The operational amplifier 88 compares the voltage applied to the terminal 86 with a voltage applied to the terminal 90 thereof. The voltage applied to the terminal 90 is a direct current voltage proportional to the alternating current line voltage across lines 16 and 18. The voltage applied to the terminal 90 is adjustable through the resistor 92. The alternating current voltage at the line 16 is rectified by the diode 100 and is directed to the voltage divider formed by the resistors 99 and 98. The voltage at the junction of the resistors 98 and 99 is filtered by the capacitor 97 and is supplied to the input terminal 96 of the operational amplifier 94. The operational amplifier 94 is connected as a unitary gain buffer which transmits the voltage on the capacitor 97 to the resistor 92. This voltage is applied to the input terminal 90 of the operational amplifier 88. Therefore, the voltage applied to the input terminal 90 of the operational amplifier 88 is proportional to the alternating current line voltage between the lines 16 and 18. Thus, there is compensation for phase angle variations which may occur with variations in the voltage applied to the incoming lines 16 and 18.

During the time that the average voltage level 280 of the exclusive-OR-gate 66 is relatively low, as illustrated in FIG. 2, the voltage applied to the terminal 86 of the operational amplifier 88 is less than the voltage applied to the terminal 90 of the operational amplifier 88. Under these conditions, there is no output from the operational amplifier 88 at the output terminal 101.

However, when the pump 12 which is operated by the motor 10 ceases the pump water, and the conditions become those illustrated in FIG. 3, the average voltage level 280 illustrated in FIG. 3 becomes so great that the voltage applied to the terminal 86 of the operational amplifier 88 exceeds the voltage applied to the terminal 90 of the operational amplifier 88. Therefore, the operational amplifier 88 produces a voltage at the output terminal 101 thereof. This voltage is transmitted to the input terminal 103 of the operational amplifier 104. This voltage which is applied to the terminal 103 of the operational amplifier 104 is greater than the constant voltage applied to the terminal 106 thereof. Therefore, a positive signal is created at the output terminal 124 of the operational amplifier 104. A positive feedback voltage is applied to the input terminal 103 from the output terminal 124 of the operational amplifier 104, through the resistor 130. Thus, there is constant output voltage at the terminal 124 of the operational amplifier 104, beginning the instant that a voltage output is initiated at the terminal 124. Thus, a "latch-in" condition exists.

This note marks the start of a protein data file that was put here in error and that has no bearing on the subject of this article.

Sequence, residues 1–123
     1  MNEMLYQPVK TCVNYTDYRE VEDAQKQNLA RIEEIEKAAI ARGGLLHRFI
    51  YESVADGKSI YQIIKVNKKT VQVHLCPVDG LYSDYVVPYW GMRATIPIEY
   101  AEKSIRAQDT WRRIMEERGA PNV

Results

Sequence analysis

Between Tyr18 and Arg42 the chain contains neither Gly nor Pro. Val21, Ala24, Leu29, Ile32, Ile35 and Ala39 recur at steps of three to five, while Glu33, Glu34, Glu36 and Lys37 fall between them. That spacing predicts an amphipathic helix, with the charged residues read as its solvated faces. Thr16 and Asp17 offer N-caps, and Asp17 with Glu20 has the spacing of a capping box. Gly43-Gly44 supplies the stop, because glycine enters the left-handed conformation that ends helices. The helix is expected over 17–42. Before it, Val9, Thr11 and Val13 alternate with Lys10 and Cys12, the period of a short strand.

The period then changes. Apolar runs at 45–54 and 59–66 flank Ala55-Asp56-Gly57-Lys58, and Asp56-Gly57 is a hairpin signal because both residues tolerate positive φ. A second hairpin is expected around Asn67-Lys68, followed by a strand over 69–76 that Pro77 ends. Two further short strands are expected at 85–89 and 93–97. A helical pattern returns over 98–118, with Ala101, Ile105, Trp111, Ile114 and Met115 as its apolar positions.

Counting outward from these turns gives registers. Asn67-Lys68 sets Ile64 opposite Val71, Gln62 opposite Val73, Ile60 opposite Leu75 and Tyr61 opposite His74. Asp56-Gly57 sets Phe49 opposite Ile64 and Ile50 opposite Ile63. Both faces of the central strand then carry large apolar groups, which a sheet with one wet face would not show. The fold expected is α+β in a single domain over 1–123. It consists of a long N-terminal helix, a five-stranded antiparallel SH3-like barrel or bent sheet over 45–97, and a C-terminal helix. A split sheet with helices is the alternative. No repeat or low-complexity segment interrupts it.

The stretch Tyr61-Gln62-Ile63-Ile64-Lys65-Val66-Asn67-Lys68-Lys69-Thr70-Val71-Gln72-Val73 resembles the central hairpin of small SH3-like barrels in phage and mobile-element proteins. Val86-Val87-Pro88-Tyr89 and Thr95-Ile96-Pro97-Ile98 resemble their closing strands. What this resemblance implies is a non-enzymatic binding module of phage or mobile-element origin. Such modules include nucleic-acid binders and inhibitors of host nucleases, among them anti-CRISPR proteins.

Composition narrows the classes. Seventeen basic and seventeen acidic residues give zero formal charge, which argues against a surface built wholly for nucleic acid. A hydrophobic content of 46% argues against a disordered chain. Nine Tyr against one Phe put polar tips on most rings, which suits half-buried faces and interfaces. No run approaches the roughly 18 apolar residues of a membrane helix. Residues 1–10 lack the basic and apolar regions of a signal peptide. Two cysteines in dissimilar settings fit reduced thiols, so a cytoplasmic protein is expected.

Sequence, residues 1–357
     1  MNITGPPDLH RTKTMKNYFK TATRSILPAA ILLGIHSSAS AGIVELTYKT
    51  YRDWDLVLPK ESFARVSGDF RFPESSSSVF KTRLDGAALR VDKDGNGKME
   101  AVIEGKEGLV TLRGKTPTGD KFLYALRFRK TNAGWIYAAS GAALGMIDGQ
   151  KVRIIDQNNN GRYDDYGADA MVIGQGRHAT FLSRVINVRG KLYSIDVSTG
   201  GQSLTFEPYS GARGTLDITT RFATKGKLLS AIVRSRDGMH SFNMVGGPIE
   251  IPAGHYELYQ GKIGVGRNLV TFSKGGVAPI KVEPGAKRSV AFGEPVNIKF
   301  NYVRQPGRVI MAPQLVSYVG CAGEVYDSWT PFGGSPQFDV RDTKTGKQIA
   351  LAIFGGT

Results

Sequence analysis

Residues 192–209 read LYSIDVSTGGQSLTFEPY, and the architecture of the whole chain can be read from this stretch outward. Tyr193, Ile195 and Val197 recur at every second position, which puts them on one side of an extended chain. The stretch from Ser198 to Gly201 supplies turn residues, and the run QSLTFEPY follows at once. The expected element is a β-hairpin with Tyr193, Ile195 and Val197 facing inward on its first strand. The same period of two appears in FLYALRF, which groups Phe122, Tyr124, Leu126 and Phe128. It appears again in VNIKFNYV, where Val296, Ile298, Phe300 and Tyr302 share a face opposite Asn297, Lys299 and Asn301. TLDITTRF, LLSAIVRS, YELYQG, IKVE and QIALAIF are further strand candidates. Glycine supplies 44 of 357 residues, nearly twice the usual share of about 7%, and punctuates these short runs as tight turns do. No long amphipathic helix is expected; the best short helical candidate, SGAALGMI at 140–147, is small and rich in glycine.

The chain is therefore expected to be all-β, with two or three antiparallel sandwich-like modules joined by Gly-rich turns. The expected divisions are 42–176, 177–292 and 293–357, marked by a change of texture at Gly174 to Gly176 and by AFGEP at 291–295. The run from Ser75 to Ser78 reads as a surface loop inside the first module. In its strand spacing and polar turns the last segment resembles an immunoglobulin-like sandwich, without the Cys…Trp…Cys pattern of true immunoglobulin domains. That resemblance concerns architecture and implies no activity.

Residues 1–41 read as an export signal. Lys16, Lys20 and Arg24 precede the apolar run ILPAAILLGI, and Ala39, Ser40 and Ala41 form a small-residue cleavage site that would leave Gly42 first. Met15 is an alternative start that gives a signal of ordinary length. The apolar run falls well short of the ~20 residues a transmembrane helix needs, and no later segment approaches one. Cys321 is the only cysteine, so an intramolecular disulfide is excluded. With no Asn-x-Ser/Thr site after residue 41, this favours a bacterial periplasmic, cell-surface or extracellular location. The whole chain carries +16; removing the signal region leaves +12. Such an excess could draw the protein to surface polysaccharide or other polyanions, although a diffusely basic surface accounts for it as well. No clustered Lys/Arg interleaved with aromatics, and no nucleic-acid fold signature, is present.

The output voltage at the terminal 124 of the operational amplifier 104 creates a current flow through the resistor 134 to the base 140 of the transistor 144. When this occurs, the transistor 144 transmits current through the actuator coil 160. This current flow operates the power switch 166 to open the switch members 170 and 172. When this occurs, the electric motor 10 is deenergized, and the pump 12 ceases to operate.

Thus, the pump 12 is protected against damage which occurs if the pump 12 should be operated without pumping water.

The reset switch 118 is employed to momentarily connect the terminal 106 of the operational amplifier 104 to the full power supply voltage to increase the voltage applied to the terminal 106, to deenergize the operational amplifier 104 when the pump 12 again has water to pump. The reset switch 118 may be operated manually or automatically.

Although the preferred embodiment of the water pump protector of this invention has been described, it will be understood that within the purview of this invention various changes may be made in the form, details, proportion and arrangement of parts, the combination thereof, and the mode of operation, which generally stated consist in a water pump protector within the scope of the appended claims.

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Classifications
U.S. Classification361/79, 361/85, 318/455, 417/45, 417/44.11
International ClassificationH02H7/08
Cooperative ClassificationH02H7/0827
European ClassificationH02H7/08F
Legal Events
DateCodeEventDescription
Dec 19, 1994FPAYFee payment
Year of fee payment: 12
Jun 6, 1991FPAYFee payment
Year of fee payment: 8
Aug 4, 1987CCCertificate of correction
Jun 8, 1987FPAYFee payment
Year of fee payment: 4
Dec 3, 1981ASAssignment
Owner name: SPRING VALLEY ASSOCIATES, INC., 35 GRAYWOOD COURT,
Free format text: ASSIGNMENT OF ASSIGNORS INTEREST.;ASSIGNORS:TIBBITS, JOHN L.;SPRINGER, LAMAR D.;SELLERS, JOHN W. JR;REEL/FRAME:003963/0731
Effective date: 19811125